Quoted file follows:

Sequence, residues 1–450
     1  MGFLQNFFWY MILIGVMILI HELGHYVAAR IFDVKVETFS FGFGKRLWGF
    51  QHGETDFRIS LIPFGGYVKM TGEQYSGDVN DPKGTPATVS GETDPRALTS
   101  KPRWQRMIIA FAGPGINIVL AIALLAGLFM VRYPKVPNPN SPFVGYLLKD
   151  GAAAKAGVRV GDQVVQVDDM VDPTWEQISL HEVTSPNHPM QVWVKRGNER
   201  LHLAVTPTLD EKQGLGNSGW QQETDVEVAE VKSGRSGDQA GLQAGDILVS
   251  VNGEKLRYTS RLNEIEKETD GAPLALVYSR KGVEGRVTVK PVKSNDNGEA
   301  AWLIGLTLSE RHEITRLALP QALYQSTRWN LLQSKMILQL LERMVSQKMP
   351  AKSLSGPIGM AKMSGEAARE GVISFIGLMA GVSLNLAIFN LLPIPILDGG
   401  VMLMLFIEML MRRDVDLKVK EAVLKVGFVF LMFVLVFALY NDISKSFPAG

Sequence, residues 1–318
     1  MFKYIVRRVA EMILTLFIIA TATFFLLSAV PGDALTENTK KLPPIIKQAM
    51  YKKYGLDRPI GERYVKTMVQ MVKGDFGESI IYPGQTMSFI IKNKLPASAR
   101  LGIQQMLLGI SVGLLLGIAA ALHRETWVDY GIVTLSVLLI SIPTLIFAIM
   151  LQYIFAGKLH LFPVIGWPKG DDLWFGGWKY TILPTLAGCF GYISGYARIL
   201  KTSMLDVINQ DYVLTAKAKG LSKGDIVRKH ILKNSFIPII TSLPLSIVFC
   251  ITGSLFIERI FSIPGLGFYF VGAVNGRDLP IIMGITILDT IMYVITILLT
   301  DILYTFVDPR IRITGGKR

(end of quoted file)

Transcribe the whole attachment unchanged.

Sequence, residues 1–450
     1  MGFLQNFFWY MILIGVMILI HELGHYVAAR IFDVKVETFS FGFGKRLWGF
    51  QHGETDFRIS LIPFGGYVKM TGEQYSGDVN DPKGTPATVS GETDPRALTS
   101  KPRWQRMIIA FAGPGINIVL AIALLAGLFM VRYPKVPNPN SPFVGYLLKD
   151  GAAAKAGVRV GDQVVQVDDM VDPTWEQISL HEVTSPNHPM QVWVKRGNER
   201  LHLAVTPTLD EKQGLGNSGW QQETDVEVAE VKSGRSGDQA GLQAGDILVS
   251  VNGEKLRYTS RLNEIEKETD GAPLALVYSR KGVEGRVTVK PVKSNDNGEA
   301  AWLIGLTLSE RHEITRLALP QALYQSTRWN LLQSKMILQL LERMVSQKMP
   351  AKSLSGPIGM AKMSGEAARE GVISFIGLMA GVSLNLAIFN LLPIPILDGG
   401  VMLMLFIEML MRRDVDLKVK EAVLKVGFVF LMFVLVFALY NDISKSFPAG

Sequence, residues 1–318
     1  MFKYIVRRVA EMILTLFIIA TATFFLLSAV PGDALTENTK KLPPIIKQAM
    51  YKKYGLDRPI GERYVKTMVQ MVKGDFGESI IYPGQTMSFI IKNKLPASAR
   101  LGIQQMLLGI SVGLLLGIAA ALHRETWVDY GIVTLSVLLI SIPTLIFAIM
   151  LQYIFAGKLH LFPVIGWPKG DDLWFGGWKY TILPTLAGCF GYISGYARIL
   201  KTSMLDVINQ DYVLTAKAKG LSKGDIVRKH ILKNSFIPII TSLPLSIVFC
   251  ITGSLFIERI FSIPGLGFYF VGAVNGRDLP IIMGITILDT IMYVITILLT
   301  DILYTFVDPR IRITGGKR